It’s also quite instructive to read about the history of franchising in Canada. Essentially, in the beginning, it was government who granted private individuals and corporations the right to carry out activities that would otherwise be restricted to the government. In fact, here in this country, that type of arrangement helped to facilitate the development of infrastructure and services such as railroads, utilities and banking, so that modern private sector franchise actually appeared in Canada in the 1850s.

The Singer sewing machine company attempted to organize themselves in such a fashion. They were not particularly successful, but the concept was developed further by Coca-Cola. They invited regional franchisee bottlers to produce and bottle soft drinks under its trademark, and Coca-Cola’s rapid expansion was funded by the franchisees, who in return received exclusive distribution territories and support. General Motors began distributing automobile inventory across the country through individual dealers in 1898. Dealers could purchase vehicles at a discounted price for resale and were granted regional franchise rights. In return, they were required to sell only the products of a single manufacturer. This distribution method shifted to dealers some of the risks of market downturns and proved to be successful for the automobile industry, at least until the recent recession.

Following the Second World War, franchising expanded and became a more and more complicated business. New industries took up the concept, including fast food restaurants, hardware retailers, drug retailers, and motel and hotel services.

By the 1970s, franchising had become a popular method of doing business and an enduring part of the Canadian economy. However, there were high-profile failures associated with this rapid expansion and as growth continued in what was often an unprincipled and unregulated fashion. So, in 1971, the Ontario Minister of Financial and Commercial Affairs established the first public inquiry into franchising in Canada. This resulted in the Grange report, which actually called for legislation and even wanted to establish something described as a franchise bureau and registrar. However, little action was taken, so the franchise business continued in an unregulated fashion until there were a number of disputes that came to the public’s attention in the early 1990s.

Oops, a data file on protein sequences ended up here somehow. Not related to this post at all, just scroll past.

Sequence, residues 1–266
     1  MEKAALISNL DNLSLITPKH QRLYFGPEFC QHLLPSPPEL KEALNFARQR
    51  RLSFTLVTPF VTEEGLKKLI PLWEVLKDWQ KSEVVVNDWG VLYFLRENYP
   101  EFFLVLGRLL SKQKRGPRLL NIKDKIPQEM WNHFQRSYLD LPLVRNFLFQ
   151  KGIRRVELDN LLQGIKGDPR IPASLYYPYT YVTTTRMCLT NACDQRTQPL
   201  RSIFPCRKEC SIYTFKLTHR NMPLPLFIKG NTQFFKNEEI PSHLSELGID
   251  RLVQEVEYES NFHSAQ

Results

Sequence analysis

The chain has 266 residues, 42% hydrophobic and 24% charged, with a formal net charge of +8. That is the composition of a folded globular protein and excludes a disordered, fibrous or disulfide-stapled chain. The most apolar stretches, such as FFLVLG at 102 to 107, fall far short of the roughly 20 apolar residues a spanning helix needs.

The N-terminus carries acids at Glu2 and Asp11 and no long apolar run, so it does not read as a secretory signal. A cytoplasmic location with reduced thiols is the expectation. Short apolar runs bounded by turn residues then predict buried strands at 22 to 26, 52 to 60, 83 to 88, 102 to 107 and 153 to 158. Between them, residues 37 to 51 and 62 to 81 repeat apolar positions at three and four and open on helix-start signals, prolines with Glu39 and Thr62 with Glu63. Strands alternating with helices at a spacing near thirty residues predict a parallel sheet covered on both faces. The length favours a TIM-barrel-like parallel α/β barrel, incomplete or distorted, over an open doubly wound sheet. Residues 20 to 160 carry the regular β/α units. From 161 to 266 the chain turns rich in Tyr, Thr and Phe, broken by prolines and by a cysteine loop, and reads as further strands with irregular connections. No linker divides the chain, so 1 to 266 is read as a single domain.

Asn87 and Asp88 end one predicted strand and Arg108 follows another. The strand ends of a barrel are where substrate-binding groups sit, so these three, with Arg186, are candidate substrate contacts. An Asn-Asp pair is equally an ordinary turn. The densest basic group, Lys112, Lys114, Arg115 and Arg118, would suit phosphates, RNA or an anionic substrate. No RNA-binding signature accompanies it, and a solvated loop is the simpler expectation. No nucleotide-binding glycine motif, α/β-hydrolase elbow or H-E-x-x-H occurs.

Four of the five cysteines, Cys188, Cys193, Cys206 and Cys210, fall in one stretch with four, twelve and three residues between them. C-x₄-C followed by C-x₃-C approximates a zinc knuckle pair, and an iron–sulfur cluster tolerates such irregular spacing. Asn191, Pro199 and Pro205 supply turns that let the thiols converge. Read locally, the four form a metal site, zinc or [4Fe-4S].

A particular high-profile pizza franchisor had a large number of its franchisees saying they were subjected to arbitrary cost structures and a feudal-style management structure. So, in 1994, the then Bob Rae government announced the formation of a franchise sector working team to make recommendations on franchise regulation. The team was composed of franchisors, franchisees and government. The team recommended that alternate forms of resolving franchise disputes should be explored and adopted. They recommended that the Ontario government carry out wide consultations and explore how national harmonized regulatory standards might be pursued.

Nothing happened until 1998, when the then Mike Harris government released a consultation paper on franchise legislation.

MPP Tony Martin introduced a private member’s bill in 1999 that dealt with franchising. There were several public hearings that followed, as the government also introduced some draft legislation. The topics of discussion centred around the power imbalance between franchisors and franchisees, the restrictions placed on franchisees for the sourcing of products and services, and the need for provisions for alternative dispute resolution. The result is our current Arthur Wishart Act. But we know that since that act was passed in 2000, we have ongoing problems. We believe that the disclosure provisions in that act are not sufficient and do not offer sufficient protection to both franchisor and franchisee and have resulted in completely unnecessary legal action.